Chris Sale led baseball in innings pitched, strikeouts and fielding independent pitching (FIP) in an All-Star first year in Boston in 2017. He was an All-Star in 2018, posting a 2.11 ERA in 27 starts before helping the Red Sox to a World Series. Boston is hoping he makes a successful return from Tommy John surgery later this summer.
J.D. Martinez also had a terrific debut campaign in Beantown when he nearly won the Triple Crown in 2018, hitting .330 with 43 homers and an MLB-high 130 RBI. Martinez hit 36 more dingers and drove in 105 runs in 2019. He hit just .213 with a .680 OPS in 2020, but the return of in-game video could help Martinez regain his stroke.
Then, there are the homegrown stars. Rafael Devers exploded in 2019, hitting .311 with 32 homers and 115 RBI while leading MLB with 359 total bases. Despite the regression in 2020 (.793 OPS), the exit velocities and hard-hit rates are nothing to scoff at.
As for Xander Bogaerts, all he has done is dominate over the course of the last three seasons. Bogaerts ranks second among shortstops in fWAR since 2018 and first in weighted runs created plus (wRC+). He has held down the shortstop position since 2014 and will continue to do so for a Red Sox team desperate to contend again.
The Four: Anthony Rizzo, Kris Bryant, Javier Baez, Kyle Hendricks
History is likely to ask whether the Chicago Cubs' core underachieved in winning just one World Series title. But that core has accomplished quite a bit.
Javier Baez made his big league debut in 2014 and has since become one of the magnetic attractions in the game.
"El Mago" was NLCS MVP and dazzled with spectacular defense in the team's World Series run in 2016. He was runner-up for NL MVP in 2018 after hitting .290 with 34 homers and an NL-high 111 RBI. This past season was a struggle at the dish (.599 OPS), but Baez continued to prove he was one of the best defensive shortstops in baseball by winning his first Gold Glove.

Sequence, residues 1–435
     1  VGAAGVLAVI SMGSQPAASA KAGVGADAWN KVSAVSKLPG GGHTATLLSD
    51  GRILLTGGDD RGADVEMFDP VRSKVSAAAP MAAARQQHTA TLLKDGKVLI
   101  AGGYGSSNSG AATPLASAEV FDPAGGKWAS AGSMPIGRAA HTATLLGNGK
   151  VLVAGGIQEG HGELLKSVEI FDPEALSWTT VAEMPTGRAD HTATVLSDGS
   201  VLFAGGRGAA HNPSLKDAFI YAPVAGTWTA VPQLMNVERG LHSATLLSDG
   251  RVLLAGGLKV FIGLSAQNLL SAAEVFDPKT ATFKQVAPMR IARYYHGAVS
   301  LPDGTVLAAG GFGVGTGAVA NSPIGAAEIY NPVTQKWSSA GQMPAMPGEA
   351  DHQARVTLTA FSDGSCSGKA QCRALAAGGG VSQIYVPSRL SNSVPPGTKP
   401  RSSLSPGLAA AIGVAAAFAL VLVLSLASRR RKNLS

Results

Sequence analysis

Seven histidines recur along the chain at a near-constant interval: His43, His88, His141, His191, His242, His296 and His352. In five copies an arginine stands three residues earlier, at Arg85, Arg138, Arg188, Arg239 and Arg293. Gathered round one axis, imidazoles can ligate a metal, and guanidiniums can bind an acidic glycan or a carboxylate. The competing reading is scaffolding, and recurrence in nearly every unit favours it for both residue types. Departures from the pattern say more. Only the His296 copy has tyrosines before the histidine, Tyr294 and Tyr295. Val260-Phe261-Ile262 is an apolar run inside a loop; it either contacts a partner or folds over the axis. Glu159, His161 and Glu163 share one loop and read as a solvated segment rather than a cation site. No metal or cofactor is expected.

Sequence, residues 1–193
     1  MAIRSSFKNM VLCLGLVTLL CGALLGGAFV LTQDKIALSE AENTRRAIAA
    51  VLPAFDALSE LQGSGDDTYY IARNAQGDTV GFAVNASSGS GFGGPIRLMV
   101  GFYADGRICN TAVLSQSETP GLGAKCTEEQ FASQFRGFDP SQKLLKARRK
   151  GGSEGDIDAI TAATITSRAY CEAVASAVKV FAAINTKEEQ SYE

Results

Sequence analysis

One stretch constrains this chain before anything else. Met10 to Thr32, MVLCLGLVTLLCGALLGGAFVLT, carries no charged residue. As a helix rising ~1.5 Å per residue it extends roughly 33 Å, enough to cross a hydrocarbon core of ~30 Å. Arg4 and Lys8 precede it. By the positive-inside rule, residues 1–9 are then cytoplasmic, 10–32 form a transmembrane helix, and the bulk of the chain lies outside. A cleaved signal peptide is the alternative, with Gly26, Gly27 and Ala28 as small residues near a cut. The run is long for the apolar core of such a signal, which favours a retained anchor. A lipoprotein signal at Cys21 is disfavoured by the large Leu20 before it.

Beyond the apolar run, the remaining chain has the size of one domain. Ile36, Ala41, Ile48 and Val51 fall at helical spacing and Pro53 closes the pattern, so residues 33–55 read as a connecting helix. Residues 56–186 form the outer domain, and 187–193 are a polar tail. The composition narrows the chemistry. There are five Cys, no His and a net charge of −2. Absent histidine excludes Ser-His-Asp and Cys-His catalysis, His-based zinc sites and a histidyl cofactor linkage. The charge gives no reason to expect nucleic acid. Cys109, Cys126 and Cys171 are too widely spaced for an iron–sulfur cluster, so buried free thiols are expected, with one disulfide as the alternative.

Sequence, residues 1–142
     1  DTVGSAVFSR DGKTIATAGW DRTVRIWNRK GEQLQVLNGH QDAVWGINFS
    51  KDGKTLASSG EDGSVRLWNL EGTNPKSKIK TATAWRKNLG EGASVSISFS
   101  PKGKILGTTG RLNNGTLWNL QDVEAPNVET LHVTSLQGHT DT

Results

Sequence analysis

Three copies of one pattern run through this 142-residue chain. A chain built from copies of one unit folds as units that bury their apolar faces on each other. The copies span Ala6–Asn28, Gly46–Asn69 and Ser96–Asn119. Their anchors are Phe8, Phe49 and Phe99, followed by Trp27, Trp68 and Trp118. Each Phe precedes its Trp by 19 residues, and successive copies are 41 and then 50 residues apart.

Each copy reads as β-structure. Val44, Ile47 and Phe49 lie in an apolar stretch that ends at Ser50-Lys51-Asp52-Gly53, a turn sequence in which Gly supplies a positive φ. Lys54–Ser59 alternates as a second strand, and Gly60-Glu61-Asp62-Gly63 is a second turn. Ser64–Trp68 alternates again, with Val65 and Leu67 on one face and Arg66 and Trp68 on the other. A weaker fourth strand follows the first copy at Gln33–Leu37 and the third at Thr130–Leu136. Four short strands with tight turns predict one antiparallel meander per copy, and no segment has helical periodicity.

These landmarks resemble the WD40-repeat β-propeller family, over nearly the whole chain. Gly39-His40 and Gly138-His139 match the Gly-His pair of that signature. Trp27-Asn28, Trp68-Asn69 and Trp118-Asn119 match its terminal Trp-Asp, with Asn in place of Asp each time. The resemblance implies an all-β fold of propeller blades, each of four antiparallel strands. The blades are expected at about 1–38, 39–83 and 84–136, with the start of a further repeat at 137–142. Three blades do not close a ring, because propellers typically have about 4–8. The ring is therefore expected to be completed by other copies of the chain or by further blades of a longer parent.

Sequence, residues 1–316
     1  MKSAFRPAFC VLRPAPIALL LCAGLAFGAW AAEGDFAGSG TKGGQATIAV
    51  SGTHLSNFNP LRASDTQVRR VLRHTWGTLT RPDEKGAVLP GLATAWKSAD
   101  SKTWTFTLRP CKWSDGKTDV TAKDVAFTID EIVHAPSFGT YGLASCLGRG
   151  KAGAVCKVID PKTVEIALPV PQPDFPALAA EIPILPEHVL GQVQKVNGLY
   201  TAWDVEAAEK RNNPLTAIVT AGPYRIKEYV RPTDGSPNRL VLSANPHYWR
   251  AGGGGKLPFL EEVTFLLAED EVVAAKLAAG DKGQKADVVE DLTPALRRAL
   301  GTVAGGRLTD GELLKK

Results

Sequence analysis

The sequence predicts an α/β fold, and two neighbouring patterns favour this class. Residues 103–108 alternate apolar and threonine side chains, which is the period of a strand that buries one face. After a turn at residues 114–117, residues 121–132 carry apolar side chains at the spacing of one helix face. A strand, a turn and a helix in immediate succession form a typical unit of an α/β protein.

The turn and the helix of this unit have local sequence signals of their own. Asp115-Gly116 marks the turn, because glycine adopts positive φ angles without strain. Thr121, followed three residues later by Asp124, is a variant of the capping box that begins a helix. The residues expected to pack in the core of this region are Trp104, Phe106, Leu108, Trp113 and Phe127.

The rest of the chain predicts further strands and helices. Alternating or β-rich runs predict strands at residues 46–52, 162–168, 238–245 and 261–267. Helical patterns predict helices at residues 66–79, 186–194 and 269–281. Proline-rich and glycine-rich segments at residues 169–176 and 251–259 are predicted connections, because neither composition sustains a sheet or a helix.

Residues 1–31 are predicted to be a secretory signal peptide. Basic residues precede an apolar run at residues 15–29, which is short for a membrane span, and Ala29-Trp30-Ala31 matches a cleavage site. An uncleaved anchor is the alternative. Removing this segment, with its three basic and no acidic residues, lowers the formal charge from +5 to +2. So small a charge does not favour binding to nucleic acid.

Kris Bryant garners immense scrutiny from Cubs fans. But other than a subpar 2020 (.644 OPS), he has mostly produced magnificent results. Bryant won NL Rookie of the Year and MVP in back-to-back seasons in 2015 and 2016, respectively. Only Mike Trout and Mookie Betts produced more fWAR than Bryant from 2015 to 2019. That's…pretty good.
Nothing about Kyle Hendricks is flashy. But he produces year in and year out. The Dartmouth grad has used location and a nifty changeup he can move both ways to produce a 3.12 ERA in over 1,000 career innings. He won the ERA title (2.13) in 2016 and started two of the biggest games in franchise history in Game 6 of the 2016 NLCS and Game 7 of the World Series later that year.
But nobody has meant as much to the franchise as Anthony Rizzo in this current generation. Rizzo has an .866 OPS in nine seasons with the Cubs. He has won four Gold Gloves and hit 31 or more homers in four consecutive seasons between 2014 and 2017. Most notably, Rizzo ranks second only to Trout in win probability added since 2014.
It remains to be seen what will become of this group in the coming years—Bryant, Baez and Rizzo are all free agents in 2022—but they have provided Cubs fans with indelible memories.
Chicago White Sox:
The Four: Jose Abreu, Tim Anderson, Lucas Giolito, Eloy Jimenez
We move from the North Side of Chicago to the South Side. Unlike the Cubs, the White Sox have yet to even reach their pinnacle.
Tim Anderson, Eloy Jimenez and Lucas Giolito are all representatives of the young batch of stars the White Sox are relying on to get to the top of the mountain.
Anderson won the batting title (.335) in 2019. Just to prove it wasn't a fluke, he went out and hit .322 in 2020, also raising his OPS by 21 points and leading the AL with 45 runs scored. Anderson leaves something to be desired defensively but has the athleticism to make gains.
Jimenez has light-tower power. He really found his stride in the second half of 2019, and the momentum carried over into 2020. The 24-year-old hit .296 with 14 homers and an .891 OPS, winning a Silver Slugger for his efforts. Jimenez will be an anchor in the middle of Chicago's lineup for years to come.
Whereas Jimenez will anchor the lineup, Giolito anchors the rotation. His transformation into one of the best pitchers in baseball has been nothing short of miraculous.
Giolito had a 6.13 ERA and walked an AL-high 90 batters in 2018. He responded by going 14-9 with a 3.41 ERA the following season. In 2020, Giolito had a 3.48 ERA and career-best 3.19 FIP. The 26-year-old is the established ace.
Finally, we arrive at Jose Abreu. The 34-year-old produced 100-RBI seasons in his first four years with the White Sox and led the AL with 123 RBI in 2019. He took it a step further in 2020, hitting .317 with 19 homers and an MLB-best 60 RBI. Abreu also led the AL in hits (76) and slugging (.617) while ranking first in total bases (148) en route to winning AL MVP.
Abreu has not always garnered the same acclaim as other first basemen around the league. But he has been every bit as productive and is one of the leaders for a White Sox team on the rise.